That Certain Je Ne Sais Quoi. The French-iest Perfumes
Writing the post about my favorite American scents made my mind wonder in the direction of yet another sweeping generalization. I realize that it is absolutely impossible to definitively describe French perfumery, the field is so large and so diverse, and perfumery as such is so closely associated in our minds (OK, in my mind) with France that the adjective, "French", next to "perfume" is almost redundant, much like "Italian" next to "pizza" or "American" next to "baseball". So what I want to talk about in this post is not French perfumes in general but the perfumes that evoke in my imagination a generalized image of the French women I admire: Francoise Sagan, Brigitte Bardot, Coco Chanel, Catherine Deneuve, Patricia Kaas, Carine Roitfeld, Emmanuelle Beart, Jeanne Moreau, to name just a few. And yes, they are all very different, but there is a certain something, that legendary je ne sais quoi that unites them. It is hard to describe what that something is ... effortless elegance, confidence, irreverence, an élan, a kittenish, sexy quality would describe parts but by no means the whole of the appeal. It is just ... at this point one makes a vague gesture and sighs...just that something that they have and I want to have. Taken in that context, "Frenchness" is an aspirational quality for me. Don't get me wrong, I am happy and proud to be Russian, but I like perfumes which can make me feel a little bit French. And such perfumes are the topic of this post.
So which perfumes to me are "the French-iest"? The classic, grand style of most Guerlains and Carons is undoubtedly French but I personally find that Chanel, with its pared-down elegance, is more French still. Choosing between Chanel scents, one is practically pre-conditioned to proclaim Chanel No 5 to be the most French of all, but it seems to me to be too ubiquitous and "universal" at this point to actually feel particularly French. I think that Cristalle, Chanel No 19 and above all, Chanel No 22 are especially chic, refined, and nonchalantly French.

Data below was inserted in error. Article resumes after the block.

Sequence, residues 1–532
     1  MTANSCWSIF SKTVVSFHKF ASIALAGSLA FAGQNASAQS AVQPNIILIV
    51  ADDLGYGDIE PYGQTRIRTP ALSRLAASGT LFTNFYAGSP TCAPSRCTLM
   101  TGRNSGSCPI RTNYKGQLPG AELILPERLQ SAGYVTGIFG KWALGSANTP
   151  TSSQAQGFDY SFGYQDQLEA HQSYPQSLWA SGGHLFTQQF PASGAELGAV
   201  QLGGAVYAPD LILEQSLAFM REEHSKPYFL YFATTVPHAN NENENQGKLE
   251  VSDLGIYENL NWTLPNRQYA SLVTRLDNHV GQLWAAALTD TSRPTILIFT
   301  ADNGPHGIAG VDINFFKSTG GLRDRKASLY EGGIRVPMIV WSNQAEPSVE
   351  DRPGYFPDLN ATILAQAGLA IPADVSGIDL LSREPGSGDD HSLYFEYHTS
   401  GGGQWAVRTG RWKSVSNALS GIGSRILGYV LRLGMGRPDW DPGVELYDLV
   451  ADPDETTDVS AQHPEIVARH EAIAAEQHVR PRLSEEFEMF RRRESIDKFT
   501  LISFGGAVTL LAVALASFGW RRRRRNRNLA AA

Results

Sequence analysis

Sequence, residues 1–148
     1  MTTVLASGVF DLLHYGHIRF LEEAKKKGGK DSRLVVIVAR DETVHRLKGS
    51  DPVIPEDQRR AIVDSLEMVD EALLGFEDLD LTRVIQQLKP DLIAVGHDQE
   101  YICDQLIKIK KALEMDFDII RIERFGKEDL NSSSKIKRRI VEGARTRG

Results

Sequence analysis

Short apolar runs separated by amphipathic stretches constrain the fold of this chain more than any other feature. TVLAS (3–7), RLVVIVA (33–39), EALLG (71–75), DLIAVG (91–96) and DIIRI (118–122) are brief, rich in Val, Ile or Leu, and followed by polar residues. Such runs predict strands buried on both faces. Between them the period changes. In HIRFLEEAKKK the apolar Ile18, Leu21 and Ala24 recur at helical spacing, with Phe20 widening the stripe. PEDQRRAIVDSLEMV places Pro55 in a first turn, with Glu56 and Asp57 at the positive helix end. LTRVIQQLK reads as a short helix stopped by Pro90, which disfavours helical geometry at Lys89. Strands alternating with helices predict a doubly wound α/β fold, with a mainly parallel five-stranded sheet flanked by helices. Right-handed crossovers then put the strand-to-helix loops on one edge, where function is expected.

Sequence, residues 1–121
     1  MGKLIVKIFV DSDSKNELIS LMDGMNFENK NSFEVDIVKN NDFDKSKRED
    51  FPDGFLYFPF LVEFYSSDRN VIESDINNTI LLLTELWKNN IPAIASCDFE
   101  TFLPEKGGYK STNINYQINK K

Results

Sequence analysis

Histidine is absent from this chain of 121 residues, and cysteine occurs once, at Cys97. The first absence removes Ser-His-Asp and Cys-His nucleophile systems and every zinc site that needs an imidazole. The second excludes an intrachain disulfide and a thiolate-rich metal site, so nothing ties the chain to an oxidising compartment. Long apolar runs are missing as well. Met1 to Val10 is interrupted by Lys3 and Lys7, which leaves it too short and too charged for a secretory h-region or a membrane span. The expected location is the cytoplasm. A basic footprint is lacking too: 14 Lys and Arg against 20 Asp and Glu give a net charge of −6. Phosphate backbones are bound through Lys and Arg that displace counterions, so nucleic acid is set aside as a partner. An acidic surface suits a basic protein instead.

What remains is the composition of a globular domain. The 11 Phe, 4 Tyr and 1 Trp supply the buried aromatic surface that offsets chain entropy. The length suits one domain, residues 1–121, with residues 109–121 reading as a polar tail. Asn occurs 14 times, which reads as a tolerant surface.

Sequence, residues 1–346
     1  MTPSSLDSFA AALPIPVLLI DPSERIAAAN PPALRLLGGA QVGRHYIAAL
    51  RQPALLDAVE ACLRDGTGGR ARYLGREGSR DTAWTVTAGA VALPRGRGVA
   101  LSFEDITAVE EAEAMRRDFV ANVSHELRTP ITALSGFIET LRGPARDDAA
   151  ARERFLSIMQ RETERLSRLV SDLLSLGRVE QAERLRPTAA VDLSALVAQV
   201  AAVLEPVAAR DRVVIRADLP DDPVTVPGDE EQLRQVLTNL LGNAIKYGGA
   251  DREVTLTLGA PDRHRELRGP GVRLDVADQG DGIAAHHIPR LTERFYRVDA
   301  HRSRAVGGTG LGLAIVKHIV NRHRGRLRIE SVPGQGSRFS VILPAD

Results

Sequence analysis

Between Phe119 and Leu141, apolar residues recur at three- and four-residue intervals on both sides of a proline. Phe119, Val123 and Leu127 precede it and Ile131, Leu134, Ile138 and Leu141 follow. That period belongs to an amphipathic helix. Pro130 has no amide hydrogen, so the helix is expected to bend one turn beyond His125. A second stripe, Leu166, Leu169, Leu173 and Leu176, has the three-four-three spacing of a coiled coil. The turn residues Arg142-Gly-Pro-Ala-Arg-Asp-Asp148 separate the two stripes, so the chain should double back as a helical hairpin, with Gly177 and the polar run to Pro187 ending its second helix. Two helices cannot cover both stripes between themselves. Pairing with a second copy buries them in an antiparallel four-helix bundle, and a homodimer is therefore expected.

Aldehydic fragrances in general, with their polished aura and exquisite liveliness, seem to me to be very French. Together with the marvelously warm aldehyde wonder that is Chanel No 22, Malle's Iris Poudre and L’âme Sœur by Divine more or less embody the "French-ness" for me.
The almost Severine-like (Catherine Deneuve, in Belle du Jour) duality of scents like Tubereuse Criminelle and Diorama, that irresistible, tantalizing combination of elegant, cold aloofness and lustful, practically depraved sensuality is to me French.
Coming back to Guerlain, as far as my vision of French-ness is concerned, the poignantly sharp, sublimely complex Chamade, the scent the astounding sensuality of which is inferred rather than obvious, is the French-iest Guerlain creation. It might be of course that I am influenced by the fact that the fragrance was inspired by La Chamade, a novel by one of my most favorite French writers and a French woman extraordinnaire, Francoise Sagan, but the perfume does suggest to me the sensitive and austere style of writing and the excessive hedonism of Sagan herself, and that makes Chamade very French indeed.
Perfumes that are overtly glamorous, "dressed up", opulent and rich to the point of being creamy are also very French. This is the French-ness of Marie-Antoinette's over-indulgence, of the fantastic extravagance of haute couture...Parfums de Nicolai Sacrebleu, many Patou scents, from Joy to Adieu Sagesse to Que Sais-Je, practicaly all Balenciagas, a lot of Carons, Yves Saint-Laurent's Paris and Champagne/Yvresse, Divine by Divine, Piguet Fracas, Parfumerie Generale Bois de Copaiba, and, funnily enough, the Omani Amouage Gold and the American Amoureuse (both, however, created by French perfumers) are among such perfumes.
And last but most certainly not least, scents that possess a kittenish, coquettish, playful, pouty, pinup-ish, Brigitte-Bardot-like quality are most definitely very French. The prime examples would be the unapologetically feminine, joyful and coy Lipstick Rose by Frederic Malle and Fifi Chachnil, which hides a husky, sophisticated sensuality under a deceptively girly exterior.
Which scents, to you, are the most French? Please share!
Image sources, okadi.com, wc.pdx.edu, imdb.com, arcadepub.com, allposters.com